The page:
Solskjaer’s position back under the spotlight
Defeat by Manchester City has brought back the manager’s woes
London — Life does not get any easier for Manchester United manager Ole Gunnar Solskjaer whose side was outplayed, outmuscled and outthought by neighbours Manchester City on Saturday.
Two managers — Daniel Farke of Norwich and Aston Villa’s Dean Smith — were sacked at the weekend and it seems just a matter of time before Solskjaer joins the list.
This and other talking points from the Premier League weekend.
Solskjaer back in the dock: A 3-0 win at Tottenham Hotspur last week proved to be a temporary respite for Solskjaer as defeat by Manchester City in Saturday’s derby put the Norwegian back under the spotlight.
It was not as spectacular as the 5-0 home thrashing by Liverpool a fortnight ago, but the way United were outclassed in every department was depressingly similar.
The ease with which City won was underlined by the 753 passes they completed — more than any visiting team to Old Trafford since Opta began recording data in 2003-04.
City were good and United suffered for the lack of the injured Raphael Varane, but the gulf between the two clubs is as wide as it has been since Solskjaer took over.
Open season on Premier League managers: The Christmas lights are not even up yet but already five Premier League clubs have parted ways with their managers this season and others might be looking over their shoulders.
Norwich City manager Daniel Farke had just celebrated his side’s first league win of the season when the tap on the shoulder came, ending his four-and-a-half-year stint.
Less than 24 hours later Aston Villa’s Dean Smith was sacked with the club on a five-match losing run in the league.
In Farke’s case, the decision appeared to have already been made with the club’s hierarchy having decided that this campaign was heading in the same direction as Farke’s previous top-flight season when Norwich ended bottom.
Smith’s exit is perhaps more surprising as Villa performed well last season and had begun this campaign solidly before a worrying loss of form.
The total of five managers jettisoned is already two more than the whole of last season.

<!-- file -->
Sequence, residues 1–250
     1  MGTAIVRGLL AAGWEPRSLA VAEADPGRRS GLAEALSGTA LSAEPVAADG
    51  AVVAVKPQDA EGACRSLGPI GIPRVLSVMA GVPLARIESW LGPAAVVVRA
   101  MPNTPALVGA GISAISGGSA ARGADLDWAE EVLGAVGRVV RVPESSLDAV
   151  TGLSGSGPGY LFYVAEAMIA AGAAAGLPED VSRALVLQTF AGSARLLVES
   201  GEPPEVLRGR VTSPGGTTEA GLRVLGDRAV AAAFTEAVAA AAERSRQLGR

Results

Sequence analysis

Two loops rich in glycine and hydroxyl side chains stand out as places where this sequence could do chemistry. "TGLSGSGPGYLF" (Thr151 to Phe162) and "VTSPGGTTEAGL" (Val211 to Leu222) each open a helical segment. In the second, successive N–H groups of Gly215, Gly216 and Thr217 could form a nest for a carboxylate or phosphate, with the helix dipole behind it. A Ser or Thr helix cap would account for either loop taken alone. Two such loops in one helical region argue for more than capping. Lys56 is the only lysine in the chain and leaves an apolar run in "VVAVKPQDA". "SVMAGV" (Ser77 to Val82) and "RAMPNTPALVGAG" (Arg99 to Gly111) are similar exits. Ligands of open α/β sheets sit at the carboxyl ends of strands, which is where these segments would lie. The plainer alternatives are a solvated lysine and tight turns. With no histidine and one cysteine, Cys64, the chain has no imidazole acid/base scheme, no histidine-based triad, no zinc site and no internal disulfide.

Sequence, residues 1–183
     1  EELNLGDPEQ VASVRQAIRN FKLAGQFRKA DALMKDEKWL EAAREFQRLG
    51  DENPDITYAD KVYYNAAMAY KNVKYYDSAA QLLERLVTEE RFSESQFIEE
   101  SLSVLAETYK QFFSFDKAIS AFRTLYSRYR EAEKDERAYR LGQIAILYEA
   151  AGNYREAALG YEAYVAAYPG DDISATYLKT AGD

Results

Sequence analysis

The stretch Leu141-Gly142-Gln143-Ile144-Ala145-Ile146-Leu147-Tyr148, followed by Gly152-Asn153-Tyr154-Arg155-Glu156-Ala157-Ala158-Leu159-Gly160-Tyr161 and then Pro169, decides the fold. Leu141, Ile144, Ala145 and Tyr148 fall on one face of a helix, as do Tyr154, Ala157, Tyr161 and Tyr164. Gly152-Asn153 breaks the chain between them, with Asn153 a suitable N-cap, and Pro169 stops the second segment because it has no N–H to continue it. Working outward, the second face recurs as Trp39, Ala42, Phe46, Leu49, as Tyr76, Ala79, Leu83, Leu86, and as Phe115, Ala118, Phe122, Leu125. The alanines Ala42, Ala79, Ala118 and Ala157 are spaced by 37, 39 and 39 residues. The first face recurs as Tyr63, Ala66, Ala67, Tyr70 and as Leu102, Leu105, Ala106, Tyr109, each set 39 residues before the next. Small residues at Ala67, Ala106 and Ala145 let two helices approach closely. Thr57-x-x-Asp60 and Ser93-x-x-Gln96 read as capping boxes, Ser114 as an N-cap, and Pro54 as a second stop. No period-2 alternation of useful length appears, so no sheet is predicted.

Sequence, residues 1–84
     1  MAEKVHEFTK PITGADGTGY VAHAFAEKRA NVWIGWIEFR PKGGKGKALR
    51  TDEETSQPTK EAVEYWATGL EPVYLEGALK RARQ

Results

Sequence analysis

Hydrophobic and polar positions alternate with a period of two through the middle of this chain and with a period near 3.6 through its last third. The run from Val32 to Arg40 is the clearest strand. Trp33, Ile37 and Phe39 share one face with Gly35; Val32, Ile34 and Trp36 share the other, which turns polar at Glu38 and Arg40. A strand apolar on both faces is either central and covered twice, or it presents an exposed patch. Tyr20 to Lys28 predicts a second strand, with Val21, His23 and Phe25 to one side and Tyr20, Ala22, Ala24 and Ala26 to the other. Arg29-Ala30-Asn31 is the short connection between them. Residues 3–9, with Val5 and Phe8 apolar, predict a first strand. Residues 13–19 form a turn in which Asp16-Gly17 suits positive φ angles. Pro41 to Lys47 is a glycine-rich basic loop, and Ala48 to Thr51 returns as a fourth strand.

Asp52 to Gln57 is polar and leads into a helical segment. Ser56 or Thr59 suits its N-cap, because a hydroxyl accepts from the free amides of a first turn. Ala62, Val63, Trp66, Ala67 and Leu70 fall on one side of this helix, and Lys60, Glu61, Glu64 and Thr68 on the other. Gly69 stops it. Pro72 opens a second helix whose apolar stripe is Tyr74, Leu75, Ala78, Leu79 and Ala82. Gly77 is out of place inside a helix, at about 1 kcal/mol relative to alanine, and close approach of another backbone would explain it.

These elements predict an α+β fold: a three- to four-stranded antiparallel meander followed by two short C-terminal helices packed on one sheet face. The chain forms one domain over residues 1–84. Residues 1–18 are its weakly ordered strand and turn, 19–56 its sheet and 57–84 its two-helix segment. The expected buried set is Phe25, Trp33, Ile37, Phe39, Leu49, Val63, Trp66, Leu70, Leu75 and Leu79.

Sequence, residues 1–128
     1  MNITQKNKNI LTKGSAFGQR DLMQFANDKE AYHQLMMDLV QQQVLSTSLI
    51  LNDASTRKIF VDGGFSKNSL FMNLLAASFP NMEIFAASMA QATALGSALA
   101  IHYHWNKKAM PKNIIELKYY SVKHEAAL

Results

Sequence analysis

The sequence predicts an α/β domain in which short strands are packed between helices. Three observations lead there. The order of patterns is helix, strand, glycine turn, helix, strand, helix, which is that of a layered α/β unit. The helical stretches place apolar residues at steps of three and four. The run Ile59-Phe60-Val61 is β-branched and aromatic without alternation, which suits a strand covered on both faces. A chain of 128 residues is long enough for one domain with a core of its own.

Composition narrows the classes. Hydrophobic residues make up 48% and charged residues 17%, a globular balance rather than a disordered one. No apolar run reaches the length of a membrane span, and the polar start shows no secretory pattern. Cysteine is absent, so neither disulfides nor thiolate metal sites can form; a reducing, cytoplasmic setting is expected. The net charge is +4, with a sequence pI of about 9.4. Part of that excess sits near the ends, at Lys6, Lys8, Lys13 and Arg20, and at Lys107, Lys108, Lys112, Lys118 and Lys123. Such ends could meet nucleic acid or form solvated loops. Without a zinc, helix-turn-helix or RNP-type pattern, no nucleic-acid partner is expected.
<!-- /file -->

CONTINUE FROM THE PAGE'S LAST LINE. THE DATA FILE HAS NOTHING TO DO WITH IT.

International break is bad timing for Conte: Antonio Conte injected much-needed passion into Tottenham Hotspur’s ranks in a 0-0 draw with Everton at Goodison Park and was happy enough with a solid defensive display.
He praised his side’s desire and spirit but the lack of creativity and spark in attack that was so apparent under Nuno Espirito Santo was evident as his side failed to manage a single shot on target.
Tottenham’s squad is not short of quality, especially in attack, and given time on the training ground Conte will surely get them firing again. So it will be frustrating for the Italian that most of his players will be on international duty for the next 10 days, denying him the chance to get his methods across.
Arsenal rekindle top-four hopes: Few Arsenal fans would have expected the Gunners to challenge for European competition after a dreadful start to their Premier League campaign.
But the faith shown in manager Mikel Arteta by the club’s hierarchy has paid off handsomely with Arsenal now looking well-positioned to challenge for the top four.
Sunday’s 1-0 win over Watford was a scrappy one but they are now unbeaten in 10 games in all competitions and have discovered a way of grinding out results like Arsenal teams of old.
Leicester need to plug leaky defence: Leicester City’s 1-1 draw at Leeds United meant they did not concede at least two goals in a match for the second time in their last seven league games, but manager Brendan Rodgers will be aware that had more to do with the hosts’ finishing.
Leeds dominated possession and created a number of chances, with the best one falling to Jack Harrison who found himself unmarked with an open goal, to send his effort over the crossbar — much to the annoyance of manager Marcelo Bielsa.
A moment of brilliance from Harvey Barnes cancelled out Raphinha’s free kick but for all their flair going forward, Leicester seem to be a bit too vulnerable at the back with pressure likely to build with each dropped point.
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